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First-time buyers hit with £2,500 penalty as banks increasingly ignore the market



Number of 5pc deposit mortgages dwindles and those lending demand higher rates

First-time buyers face a £2,500 penalty as they have increasingly pushed out the market due to higher interest rates and poor mortgage availability.

Young buyers already have to contend with spiralling house prices which threaten to put home ownership beyond the reach of many. Data published by Halifax, the bank, on Friday showed that average prices hit £250,547 in October following a 7.5pc rise in the past year.

In addition banks have withdrawn hundreds of low-deposit mortgages, meaning that borrowers must find a much bigger down payment before they are able to buy a property.

Those able to pass these hurdles have been hit with higher interest rates this year, as banks increased charges for those with smaller deposits. This is despite the Bank of England setting interest rates at a record low of 0.1pc earlier this year.

Analysis for Telegraph Money by Hamptons International, an estate agent, showed buyers are spending as much as £2,484 a year more on their mortgage because of these changes.

Bank of England data showed that the average 5pc mortgage rate has risen from 2.96pc to 3.9pc in the past year.


Similarly, rates for 10pc loans have increased from 2.1pc to 2.79pc. Small deposit rates have increased much faster than those charged to customers with large deposits, Hamptons said.

The climb continues
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Average house prices in the UK leapt 7.5pc in a year, hitting a record high
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The chart has 1 Y axis displaying values. Range: 230000 to 255000.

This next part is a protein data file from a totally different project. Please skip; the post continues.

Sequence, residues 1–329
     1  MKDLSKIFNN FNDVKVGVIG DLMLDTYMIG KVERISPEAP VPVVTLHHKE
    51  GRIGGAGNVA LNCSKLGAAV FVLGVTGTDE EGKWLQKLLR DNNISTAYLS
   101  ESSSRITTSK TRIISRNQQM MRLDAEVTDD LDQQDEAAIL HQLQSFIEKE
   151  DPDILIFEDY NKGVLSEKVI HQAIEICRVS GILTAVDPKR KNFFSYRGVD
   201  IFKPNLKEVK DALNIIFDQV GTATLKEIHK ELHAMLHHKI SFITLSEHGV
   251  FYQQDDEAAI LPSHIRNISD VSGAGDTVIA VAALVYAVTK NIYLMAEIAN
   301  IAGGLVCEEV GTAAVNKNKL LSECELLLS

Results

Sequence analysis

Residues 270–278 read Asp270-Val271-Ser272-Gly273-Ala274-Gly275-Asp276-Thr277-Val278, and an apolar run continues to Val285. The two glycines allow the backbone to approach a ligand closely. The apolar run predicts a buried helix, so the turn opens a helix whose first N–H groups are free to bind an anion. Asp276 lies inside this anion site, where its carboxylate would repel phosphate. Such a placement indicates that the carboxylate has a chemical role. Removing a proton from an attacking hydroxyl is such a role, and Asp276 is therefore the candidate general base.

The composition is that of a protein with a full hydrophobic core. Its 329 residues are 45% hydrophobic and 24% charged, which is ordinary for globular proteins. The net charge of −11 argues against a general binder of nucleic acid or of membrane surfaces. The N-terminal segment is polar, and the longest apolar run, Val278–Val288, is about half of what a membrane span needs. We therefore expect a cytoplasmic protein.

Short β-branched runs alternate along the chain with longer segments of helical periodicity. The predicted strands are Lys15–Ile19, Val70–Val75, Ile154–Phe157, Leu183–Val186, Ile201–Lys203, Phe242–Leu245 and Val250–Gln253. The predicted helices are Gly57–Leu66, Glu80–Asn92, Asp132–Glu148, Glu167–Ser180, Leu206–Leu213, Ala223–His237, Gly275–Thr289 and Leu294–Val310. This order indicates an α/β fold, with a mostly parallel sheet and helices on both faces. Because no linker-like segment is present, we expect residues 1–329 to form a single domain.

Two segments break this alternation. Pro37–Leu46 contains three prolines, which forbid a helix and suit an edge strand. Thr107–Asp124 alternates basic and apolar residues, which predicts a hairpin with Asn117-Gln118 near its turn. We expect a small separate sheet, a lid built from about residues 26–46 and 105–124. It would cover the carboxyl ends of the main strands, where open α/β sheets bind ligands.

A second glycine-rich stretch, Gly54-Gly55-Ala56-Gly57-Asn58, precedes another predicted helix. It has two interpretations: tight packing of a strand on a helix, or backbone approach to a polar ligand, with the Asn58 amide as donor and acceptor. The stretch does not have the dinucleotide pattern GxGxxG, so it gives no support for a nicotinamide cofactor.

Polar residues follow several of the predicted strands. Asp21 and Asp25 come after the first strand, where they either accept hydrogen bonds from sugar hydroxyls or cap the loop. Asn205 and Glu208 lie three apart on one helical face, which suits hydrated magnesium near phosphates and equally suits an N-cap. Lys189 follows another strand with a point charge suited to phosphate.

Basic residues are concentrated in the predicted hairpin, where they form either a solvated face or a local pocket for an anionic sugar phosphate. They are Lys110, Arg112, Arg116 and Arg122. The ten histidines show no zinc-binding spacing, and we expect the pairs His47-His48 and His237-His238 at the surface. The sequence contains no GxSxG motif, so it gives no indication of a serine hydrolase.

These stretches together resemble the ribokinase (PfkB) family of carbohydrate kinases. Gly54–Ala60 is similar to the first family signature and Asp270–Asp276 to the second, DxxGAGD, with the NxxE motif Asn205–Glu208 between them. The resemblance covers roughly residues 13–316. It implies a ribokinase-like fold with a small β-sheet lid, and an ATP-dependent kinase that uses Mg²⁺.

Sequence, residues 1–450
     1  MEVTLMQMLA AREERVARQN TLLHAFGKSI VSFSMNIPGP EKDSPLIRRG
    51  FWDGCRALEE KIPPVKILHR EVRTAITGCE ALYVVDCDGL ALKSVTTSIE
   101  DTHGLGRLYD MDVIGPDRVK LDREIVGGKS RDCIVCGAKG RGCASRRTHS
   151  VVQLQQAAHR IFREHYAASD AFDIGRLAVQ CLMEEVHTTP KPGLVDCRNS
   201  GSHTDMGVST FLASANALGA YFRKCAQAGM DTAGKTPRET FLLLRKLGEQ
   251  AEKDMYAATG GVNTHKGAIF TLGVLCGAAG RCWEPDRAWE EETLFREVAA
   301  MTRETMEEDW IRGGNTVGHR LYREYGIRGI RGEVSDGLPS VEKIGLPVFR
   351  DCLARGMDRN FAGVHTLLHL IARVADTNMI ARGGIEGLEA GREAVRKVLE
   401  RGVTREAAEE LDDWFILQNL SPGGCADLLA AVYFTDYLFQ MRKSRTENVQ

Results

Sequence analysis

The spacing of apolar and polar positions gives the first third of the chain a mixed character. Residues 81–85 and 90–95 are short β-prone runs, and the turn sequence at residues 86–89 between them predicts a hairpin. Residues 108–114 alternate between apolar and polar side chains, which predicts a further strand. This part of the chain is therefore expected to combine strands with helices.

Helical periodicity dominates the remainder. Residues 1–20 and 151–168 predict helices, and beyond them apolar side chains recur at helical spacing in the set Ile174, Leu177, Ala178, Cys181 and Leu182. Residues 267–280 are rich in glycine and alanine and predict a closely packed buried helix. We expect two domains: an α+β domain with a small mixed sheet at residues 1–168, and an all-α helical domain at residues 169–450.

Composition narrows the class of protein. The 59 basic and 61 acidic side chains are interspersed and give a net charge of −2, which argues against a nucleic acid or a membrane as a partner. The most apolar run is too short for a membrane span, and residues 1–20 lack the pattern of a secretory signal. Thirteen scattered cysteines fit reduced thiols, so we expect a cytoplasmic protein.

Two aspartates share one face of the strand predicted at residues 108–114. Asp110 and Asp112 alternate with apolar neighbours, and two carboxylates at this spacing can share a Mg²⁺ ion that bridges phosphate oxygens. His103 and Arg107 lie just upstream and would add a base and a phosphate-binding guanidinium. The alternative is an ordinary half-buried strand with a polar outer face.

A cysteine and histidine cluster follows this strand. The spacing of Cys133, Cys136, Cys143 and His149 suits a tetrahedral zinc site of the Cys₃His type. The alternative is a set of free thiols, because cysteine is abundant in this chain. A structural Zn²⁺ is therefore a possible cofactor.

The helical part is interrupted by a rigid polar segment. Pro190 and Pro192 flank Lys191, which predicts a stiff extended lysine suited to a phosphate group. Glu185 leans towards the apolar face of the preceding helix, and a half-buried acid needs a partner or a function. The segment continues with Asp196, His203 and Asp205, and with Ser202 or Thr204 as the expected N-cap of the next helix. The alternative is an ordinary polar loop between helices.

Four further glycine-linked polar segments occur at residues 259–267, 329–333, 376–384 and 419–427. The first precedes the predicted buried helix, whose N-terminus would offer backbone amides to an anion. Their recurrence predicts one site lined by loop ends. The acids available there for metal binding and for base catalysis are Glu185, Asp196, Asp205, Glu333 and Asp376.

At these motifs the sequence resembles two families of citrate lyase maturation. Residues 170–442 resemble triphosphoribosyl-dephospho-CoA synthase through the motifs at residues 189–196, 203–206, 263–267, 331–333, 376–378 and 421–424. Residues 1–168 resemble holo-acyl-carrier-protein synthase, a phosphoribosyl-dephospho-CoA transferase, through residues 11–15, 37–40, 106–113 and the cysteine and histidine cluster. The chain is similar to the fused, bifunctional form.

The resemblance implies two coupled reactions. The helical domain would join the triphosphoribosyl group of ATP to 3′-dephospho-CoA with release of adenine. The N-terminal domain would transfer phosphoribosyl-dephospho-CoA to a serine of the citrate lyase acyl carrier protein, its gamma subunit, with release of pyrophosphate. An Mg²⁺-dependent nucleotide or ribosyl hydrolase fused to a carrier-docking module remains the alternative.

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Its analysis found that the average first-time buyer in Britain now spends £97 a month more for their mortgage than they did a year ago, with the average spend rising from £783 to £880 a year. This is equivalent to an extra £1,164 a year being spent on housing costs.

In some parts of the country the rise has been more significant. In London mortgage costs have risen by £207 a month, or £2,484 a year.

Aneisha Beveridge, of Hamptons, said that mortgage lenders viewed small-deposit borrowers as risky and had increased rates accordingly. Most have withdrawn from the 5pc mortgage market entirely, she added.

However, there are signs that the 10pc mortgage market could slowly be returning. Chris Sykes of Private Finance, a mortgage broker, said new options had been launched by Accord Mortgages and Aldermore bank in recent days, although the Accord loans are only available to customers on a temporary basis.  

Mr Sykes said that both these firms were smaller lenders and that first-time buyers desperately needed a high-street brand to return to the small-deposit market. Few banks want to offer these loans for fear of a house price crash in the new year, he added.

“Ultimately, no lender wants to be holding a huge amount of these types of loans if there prices fall,” he said.

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